Buddha's mistake is two-fold:
1) As Aristotle did (i.e. "An agent in excelsis is an impassible agent. (In the West, impassibility became one of the divine attributes.)"), Buddha incorrectly reasoned that God -- to be God -- *must be* impassive in all regards. However, such a proposition is not actually a deliverance of reason (***), but is, rather, the expression of an unrecognized cultural assumption: that to love another is to be vulnerabe in the sense of being weak-and-incomplete (****).
2) He did the materialistic-atheists one better: whereas the materialistic-atheist begins with the hidden-proposition that "If I cannot be God, if I cannot be the Self-Existent, then there is no God", Buddha began with the hidden-proposition that "If I cannot be God, if I cannot be the Self-Existent, then *I* do not exist.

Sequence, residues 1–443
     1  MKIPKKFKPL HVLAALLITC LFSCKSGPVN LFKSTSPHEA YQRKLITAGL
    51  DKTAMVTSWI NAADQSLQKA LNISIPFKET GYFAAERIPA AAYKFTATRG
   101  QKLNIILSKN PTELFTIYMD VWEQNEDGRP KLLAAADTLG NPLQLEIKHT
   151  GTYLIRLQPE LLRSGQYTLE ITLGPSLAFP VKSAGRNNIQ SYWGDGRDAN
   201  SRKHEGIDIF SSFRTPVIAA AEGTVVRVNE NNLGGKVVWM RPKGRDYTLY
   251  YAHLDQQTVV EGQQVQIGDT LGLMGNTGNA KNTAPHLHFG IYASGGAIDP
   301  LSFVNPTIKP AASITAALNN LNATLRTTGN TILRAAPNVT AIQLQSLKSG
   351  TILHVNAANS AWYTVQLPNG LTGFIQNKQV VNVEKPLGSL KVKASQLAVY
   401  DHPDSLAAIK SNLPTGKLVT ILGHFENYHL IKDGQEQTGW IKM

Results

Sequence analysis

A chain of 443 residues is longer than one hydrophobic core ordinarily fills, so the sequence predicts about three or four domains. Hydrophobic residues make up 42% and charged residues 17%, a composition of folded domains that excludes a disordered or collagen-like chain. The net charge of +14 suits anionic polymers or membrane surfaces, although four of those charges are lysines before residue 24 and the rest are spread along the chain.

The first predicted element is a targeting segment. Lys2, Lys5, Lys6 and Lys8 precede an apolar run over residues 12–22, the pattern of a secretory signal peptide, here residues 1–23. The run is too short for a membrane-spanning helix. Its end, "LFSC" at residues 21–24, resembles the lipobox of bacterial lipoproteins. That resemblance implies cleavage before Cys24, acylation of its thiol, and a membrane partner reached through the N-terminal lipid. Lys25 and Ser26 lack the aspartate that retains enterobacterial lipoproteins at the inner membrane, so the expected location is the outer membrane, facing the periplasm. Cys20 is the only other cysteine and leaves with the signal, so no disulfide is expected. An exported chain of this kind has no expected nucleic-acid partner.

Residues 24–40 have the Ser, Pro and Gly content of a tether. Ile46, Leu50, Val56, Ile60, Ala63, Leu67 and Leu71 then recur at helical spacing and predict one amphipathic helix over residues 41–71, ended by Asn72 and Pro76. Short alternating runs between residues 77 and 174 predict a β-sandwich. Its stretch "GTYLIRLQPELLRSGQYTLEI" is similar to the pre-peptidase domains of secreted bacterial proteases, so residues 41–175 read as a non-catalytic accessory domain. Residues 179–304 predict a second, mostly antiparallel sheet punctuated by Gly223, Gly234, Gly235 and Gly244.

God-denial is *always* built upon the desire to be God. And, one way or another, God-denial always involves the denial that one's own self exists: with Buddhism, the denial of one's own existence is up-front; with materialist-atheism, the denial of one's own existence is a logical consequence (and one that most self-proclaimed atheists take great pains to avoid understanding as such).

And, sure enough, Vallicella gets to the same observation about Buddha and Buddism:
The gist of the control argument is this. There is no evidence of a self since nothing with which we are acquainted is immutable, and nothing with which we are acquainted is something over which we have complete control.

But this raises an obvious question: Isn't the standard for selfhood being set unattainably high? The argument is tantamount to saying that if I am not God or a god, then I am not a self. Arguably